After that is when I got a call from Carroll Shelby, who said, “You’re driving Ken Miles’ Cobra.” I told him I didn’t say if I wanted to or not. That is just the way he talks. He said he was at such and such a hotel and I said, “Am I driving for you?” And he said, “No, just this one race,” and I said, “Well I don’t know if I want to drive just one race. If I drive it I will find the weak points in the Cobra and then I will jump back into my Corvette and beat Dave.” This was at Continental Divide, in Colorado. So I drove the race, Davey ran too, but I won the race. Carroll said, “Great job.” And I said, “Am I driving for you?” And Carroll said, “No.” Then I got a call two or three weeks later from Carroll, and he said, “You are driving a long distance race at Elk Grove.” So we ran the race together, I won the class. Then I finally started driving for Carroll. The next time was the L.A. Times Grand Prix at Riverside, really a big race. There was a preliminary race before the big race, with everything including Ferraris and it was real fast. I made a deal with Shelby, I said, “If I win the pre-race will you enter me in the Times Grand Prix?” He said sure. Dan Gurney and I and Lou Spencer were on the front line. Lou was driving the 289 Roadster. Dan got a great start, Allen Grant got a great start, and Lou was third in line and coming up on Turn 6 I got right behind and he starts to lose it. It looks like I hit him, but I never did. Allen I never hit you. Even 50 years later he claims I hit him! I never hit him. He had a Cobra too, but had more power because he had a bunch of guys build a special engine for him. He was sure he was going to beat all of us. Dan was in the lead, and probably about five or eight laps into the race the coil wire fell off of Dan’s car so he pulled off on the straightaway and jumped out and put it back on. I went on by, and ended up winning the race. As I came across the finish line I blew a left rear tire so I am sitting there by the side of the track on the dirt and Dan comes by laughing like hell. Dan came in second and Allen was third. So I started dead last in the main event and finished eighth. That car was a good car and I learned how to drive it. You really had to learn how to drive a Cobra.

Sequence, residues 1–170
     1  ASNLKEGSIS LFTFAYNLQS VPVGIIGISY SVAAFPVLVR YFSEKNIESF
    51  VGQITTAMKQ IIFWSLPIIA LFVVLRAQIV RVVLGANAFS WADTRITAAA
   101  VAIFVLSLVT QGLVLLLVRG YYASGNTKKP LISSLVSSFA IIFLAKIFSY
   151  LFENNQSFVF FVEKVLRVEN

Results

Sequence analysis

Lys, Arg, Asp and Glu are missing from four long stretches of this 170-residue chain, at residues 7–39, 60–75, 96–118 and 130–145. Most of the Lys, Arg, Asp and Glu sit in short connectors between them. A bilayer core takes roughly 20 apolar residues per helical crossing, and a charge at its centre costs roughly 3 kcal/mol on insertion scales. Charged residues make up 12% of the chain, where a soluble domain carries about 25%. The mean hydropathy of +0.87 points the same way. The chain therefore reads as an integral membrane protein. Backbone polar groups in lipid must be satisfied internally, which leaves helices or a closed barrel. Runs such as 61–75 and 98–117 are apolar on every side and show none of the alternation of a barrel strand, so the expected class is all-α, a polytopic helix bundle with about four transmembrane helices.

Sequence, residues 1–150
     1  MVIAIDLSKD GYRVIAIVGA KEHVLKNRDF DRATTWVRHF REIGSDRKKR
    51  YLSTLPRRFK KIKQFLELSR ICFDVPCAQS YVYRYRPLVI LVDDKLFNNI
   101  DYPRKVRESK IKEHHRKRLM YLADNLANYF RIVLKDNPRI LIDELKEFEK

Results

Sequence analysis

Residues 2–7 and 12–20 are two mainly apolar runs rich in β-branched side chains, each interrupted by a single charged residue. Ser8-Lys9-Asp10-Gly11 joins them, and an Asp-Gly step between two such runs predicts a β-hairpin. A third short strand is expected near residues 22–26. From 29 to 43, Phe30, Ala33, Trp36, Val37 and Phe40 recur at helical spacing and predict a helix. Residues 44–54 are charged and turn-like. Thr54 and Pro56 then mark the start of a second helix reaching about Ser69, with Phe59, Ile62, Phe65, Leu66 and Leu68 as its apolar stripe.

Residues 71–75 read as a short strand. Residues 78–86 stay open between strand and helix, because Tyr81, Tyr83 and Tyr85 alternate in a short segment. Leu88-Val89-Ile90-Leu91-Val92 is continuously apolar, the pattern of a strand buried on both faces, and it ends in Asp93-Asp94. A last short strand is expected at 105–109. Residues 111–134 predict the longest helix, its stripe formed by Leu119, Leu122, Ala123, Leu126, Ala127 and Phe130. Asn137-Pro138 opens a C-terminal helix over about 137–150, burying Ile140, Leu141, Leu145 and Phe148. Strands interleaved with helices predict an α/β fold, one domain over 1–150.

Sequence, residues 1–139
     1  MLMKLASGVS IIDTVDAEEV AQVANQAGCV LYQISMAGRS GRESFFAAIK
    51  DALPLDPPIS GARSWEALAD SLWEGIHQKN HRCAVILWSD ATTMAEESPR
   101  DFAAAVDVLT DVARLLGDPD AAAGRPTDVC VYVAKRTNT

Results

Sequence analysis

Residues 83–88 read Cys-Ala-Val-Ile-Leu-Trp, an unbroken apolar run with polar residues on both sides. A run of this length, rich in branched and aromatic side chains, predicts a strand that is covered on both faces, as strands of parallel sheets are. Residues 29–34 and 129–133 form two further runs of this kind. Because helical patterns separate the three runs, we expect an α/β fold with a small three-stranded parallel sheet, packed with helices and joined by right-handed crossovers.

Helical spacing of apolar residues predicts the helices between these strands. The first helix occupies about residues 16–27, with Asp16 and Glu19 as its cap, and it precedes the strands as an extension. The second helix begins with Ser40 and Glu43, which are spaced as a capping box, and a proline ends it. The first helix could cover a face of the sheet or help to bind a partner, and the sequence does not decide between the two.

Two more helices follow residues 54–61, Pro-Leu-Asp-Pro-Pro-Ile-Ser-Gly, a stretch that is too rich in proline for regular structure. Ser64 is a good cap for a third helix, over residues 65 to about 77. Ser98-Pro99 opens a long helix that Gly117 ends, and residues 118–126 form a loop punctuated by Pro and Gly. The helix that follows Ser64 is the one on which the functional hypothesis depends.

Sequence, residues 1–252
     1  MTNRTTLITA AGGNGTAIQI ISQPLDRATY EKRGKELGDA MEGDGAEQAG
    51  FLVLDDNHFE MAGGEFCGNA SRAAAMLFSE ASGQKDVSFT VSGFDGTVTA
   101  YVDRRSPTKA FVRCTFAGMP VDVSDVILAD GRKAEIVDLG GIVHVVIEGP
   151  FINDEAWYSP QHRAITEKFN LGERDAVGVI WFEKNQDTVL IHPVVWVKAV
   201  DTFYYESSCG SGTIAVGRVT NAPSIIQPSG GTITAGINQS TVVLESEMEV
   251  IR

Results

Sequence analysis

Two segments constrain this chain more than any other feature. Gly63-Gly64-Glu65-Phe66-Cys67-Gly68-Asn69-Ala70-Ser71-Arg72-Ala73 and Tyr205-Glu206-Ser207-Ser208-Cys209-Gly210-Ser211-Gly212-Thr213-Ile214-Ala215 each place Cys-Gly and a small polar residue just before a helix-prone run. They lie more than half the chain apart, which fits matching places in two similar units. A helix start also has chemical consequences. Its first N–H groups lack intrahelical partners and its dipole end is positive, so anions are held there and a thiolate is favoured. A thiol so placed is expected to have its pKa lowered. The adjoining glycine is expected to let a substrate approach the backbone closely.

SCD: How good was the Cobra out of the box, or did you have to do a lot to make it win?